The aide, Melissa DeRosa, sought to clarify her remarks. “I was explaining that when we received the DOJ inquiry, we needed to temporarily set aside the Legislature’s request to deal with the federal request first,” she said in a statement provided to CNN. “We informed the houses of this at the time. We were comprehensive and transparent in our responses to the DOJ, and then had to immediately focus our resources on the second wave and vaccine rollout. As I said on a call with legislators, we could not fulfill their request as quickly as anyone would have liked.”
What DeRosa is arguing is that the Cuomo administration essentially put requests from the New York state legislature for more details on nursing home deaths on hold while they dealt with requests for similar information from the Department of Justice.
According to a source who participated in the call, “DeRosa said the administration essentially ‘froze’ because it wasn’t sure what information it was going to turn over to the DOJ, and didn’t want whatever was told the lawmakers in response to the state joint committee hearing inquiries to be used against it in any way.”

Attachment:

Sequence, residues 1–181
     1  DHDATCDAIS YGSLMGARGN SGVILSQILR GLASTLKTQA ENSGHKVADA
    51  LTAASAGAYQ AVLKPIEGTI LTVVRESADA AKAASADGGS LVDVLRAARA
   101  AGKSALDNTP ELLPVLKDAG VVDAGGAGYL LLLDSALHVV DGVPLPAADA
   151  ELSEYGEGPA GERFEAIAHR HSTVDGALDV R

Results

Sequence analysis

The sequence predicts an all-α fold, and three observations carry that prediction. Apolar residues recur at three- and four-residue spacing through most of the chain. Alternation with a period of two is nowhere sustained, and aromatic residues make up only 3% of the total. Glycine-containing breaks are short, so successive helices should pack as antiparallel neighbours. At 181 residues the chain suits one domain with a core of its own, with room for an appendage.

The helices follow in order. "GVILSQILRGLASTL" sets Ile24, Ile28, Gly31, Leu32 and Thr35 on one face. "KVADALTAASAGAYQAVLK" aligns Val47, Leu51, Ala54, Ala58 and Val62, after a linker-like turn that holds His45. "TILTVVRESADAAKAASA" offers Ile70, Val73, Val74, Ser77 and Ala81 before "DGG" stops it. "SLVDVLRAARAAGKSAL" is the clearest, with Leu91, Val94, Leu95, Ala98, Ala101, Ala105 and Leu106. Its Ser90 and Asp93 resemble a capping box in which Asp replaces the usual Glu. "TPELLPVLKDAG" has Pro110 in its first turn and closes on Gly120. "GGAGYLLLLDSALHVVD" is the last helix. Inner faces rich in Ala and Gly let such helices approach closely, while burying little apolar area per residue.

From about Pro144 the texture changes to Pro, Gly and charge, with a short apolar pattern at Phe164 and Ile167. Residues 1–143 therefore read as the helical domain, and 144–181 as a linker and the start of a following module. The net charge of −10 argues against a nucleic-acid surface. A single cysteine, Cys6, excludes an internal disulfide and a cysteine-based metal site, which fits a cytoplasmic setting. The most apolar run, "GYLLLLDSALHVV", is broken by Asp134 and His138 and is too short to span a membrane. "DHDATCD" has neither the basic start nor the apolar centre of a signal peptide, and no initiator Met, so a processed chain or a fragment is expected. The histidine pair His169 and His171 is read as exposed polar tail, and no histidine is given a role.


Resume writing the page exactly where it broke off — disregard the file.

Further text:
And that is a very different animal. Because the latter explanation suggests that the reason the Cuomo administration didn’t release the full details of deaths in nursing homes to state legislators is because they were concerned about how that data might be used against them, politically speaking, if it fell into the hands of the Trump administration.
Which is a very bad look — to say the least.
This is only the latest bit of evidence that suggests the Cuomo administration may not have dealt as effectively with the coronavirus pandemic as was initially believed.
While that won’t happen, there’s no question that the nursing home story just got worse for Cuomo. And that it now threatens what once looked like a cakewalk to a history-making fourth term next November.